As we sit in our office (or study at home for those of us who don’t do the daily commute), most of us will be in towns or cities with good communications, many facilities at hand, and with many suppliers easily accessible to provide the vast majority of what we want to buy for ourselves or in our professional lives.
But imagine if you lived in the Amazon rainforest, in the depths of Brazil. The state of Amazonas covers an area six times greater than that of the UK, but has a population at just under four million which is less than half that of Belgium’s. 98% of the territory is rainforest accessed only by river or air, and the State represents only 1.5% of the Brazilian economy.
We’ve learnt all this from an article by Laura De Castro Zoratto here on the World Bank website. She’s a senior economist at the Governance Global Practice for Latin America and the Caribbean and has been working for the last 2 years with subnational governments in Brazil and Central America, with a focus on the implementation and evaluation of public sector reforms.
Her article talks about how public procurement has been improved in the Amazonas region. A 2013 study indicated that the state was paying some 27% more than the private sector to buy the same things, often with lower quality too. As we might have guessed, there are inherent challenges for the region, many linked to the geographic situation, but others that could be more feasibly addressed.
As Zoratto says; “This pricey procurement can be attributed to different factors, involving a vicious cycle of slow processes and high transaction costs, wasted efforts on failed bidding processes, and frustrated government officials and suppliers, all leading ultimately to less value for money for citizens”.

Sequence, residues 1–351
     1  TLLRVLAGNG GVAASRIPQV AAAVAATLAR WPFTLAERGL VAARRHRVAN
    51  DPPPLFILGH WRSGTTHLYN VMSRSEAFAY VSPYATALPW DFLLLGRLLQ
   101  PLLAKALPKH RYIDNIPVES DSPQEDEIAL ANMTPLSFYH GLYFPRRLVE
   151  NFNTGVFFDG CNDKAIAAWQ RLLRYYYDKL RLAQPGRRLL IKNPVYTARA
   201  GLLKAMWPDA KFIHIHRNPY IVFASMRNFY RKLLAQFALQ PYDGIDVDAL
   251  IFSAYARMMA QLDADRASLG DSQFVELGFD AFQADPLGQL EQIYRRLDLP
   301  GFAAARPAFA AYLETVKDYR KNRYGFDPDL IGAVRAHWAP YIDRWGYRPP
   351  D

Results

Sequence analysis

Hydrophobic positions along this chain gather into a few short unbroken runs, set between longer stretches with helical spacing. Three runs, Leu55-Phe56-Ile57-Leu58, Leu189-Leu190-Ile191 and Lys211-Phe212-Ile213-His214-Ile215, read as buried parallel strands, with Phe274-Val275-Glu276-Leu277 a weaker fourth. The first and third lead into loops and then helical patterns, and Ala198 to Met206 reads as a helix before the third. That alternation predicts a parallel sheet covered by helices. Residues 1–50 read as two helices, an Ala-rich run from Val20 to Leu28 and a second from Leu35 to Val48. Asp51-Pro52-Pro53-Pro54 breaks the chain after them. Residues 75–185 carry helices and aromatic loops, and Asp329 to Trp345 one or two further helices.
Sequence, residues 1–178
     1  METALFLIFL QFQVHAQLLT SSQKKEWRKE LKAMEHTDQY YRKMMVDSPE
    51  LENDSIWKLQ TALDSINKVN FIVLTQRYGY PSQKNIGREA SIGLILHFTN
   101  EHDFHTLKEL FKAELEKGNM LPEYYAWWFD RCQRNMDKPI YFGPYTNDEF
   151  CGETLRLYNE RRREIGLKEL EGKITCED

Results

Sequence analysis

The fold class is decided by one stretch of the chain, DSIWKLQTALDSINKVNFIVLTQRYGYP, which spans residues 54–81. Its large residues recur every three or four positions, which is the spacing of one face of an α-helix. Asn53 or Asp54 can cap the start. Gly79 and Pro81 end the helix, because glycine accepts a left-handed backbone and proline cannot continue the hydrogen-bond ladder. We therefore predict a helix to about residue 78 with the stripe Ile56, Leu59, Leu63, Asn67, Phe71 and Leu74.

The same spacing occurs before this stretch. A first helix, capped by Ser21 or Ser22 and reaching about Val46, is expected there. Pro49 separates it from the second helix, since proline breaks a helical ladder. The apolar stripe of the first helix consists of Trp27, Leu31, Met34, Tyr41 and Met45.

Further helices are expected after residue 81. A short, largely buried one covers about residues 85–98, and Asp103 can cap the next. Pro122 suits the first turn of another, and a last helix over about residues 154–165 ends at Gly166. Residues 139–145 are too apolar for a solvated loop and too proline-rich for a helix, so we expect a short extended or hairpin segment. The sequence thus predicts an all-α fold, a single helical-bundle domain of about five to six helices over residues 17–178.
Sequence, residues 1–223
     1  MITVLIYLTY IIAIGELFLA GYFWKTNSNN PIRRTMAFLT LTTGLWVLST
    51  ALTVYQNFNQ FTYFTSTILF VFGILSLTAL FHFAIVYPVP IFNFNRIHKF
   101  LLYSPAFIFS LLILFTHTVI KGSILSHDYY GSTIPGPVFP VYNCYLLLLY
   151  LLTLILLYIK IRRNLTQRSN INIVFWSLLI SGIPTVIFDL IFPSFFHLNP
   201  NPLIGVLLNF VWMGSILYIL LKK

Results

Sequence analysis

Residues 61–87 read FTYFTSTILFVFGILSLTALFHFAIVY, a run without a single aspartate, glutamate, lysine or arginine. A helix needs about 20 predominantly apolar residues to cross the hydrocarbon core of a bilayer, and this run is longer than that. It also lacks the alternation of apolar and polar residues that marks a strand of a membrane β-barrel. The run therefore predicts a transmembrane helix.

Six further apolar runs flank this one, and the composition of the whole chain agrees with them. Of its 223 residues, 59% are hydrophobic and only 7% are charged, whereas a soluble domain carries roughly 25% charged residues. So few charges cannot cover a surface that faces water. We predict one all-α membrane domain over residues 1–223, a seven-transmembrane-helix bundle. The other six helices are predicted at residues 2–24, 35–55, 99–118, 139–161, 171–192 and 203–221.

To address this, a strategy and policy team committed to reform were assembled – the article is not specific, but we assume included local executives and World Bank support. Other key principles were to harness technology for more efficient processes and data collection; and “targeting interventions enabling line agencies to focus more on their core businesses”.
The use of data was critical to the project. “For example, building on innovations from São Paulo and Rio, Amazonas encourages citizens to request receipts when they buy goods. By adding a unique bar code to each receipt, consumers can swipe with their phones to instantly win prizes and cash. As a result, Amazonas can ensure that vendors pay taxes on those goods, while also gaining valuable information on market prices, used to ensure the State is getting the best deals for similar items. Scaling-up the use of e-procurement, Amazonas also collected data on its own processes to rectify the most timely and costly bottlenecks”.
Reforms such as the introduction of e-procurement, digital signatures and e-invoicing have enabled collection of massive amounts of valuable information. But of course it is not just the data in itself that is needed. Reformers need the ability to make sense of that data, and to leverage it to target reforms.
“For example, we know that competitive bidding yields better prices, but the number of bidders also matters. Drawing on lessons from the State of Bahia, we found that 6 or more bidders were needed to really make a difference in prices”.
So process burdens and issues that reduced the likely number of bidders were also addressed. That might be not allowing enough time for bid preparation, for instance. The process analysis led to strategies such as simplifying low-risk, high-volume purchases, and establishing framework agreements with suppliers in key areas for greater economies of scale – this “resulted in a savings of roughly R$ 28 million”.
Do read the whole article from Laura De Castro Zoratto here – it is a positive story and as she says, it is the outcomes from procurement that really matter; “supporting these kind of reforms can allow line agencies to focus less on procurement and more on achieving their objectives, for improving performance and delivering services to citizens”.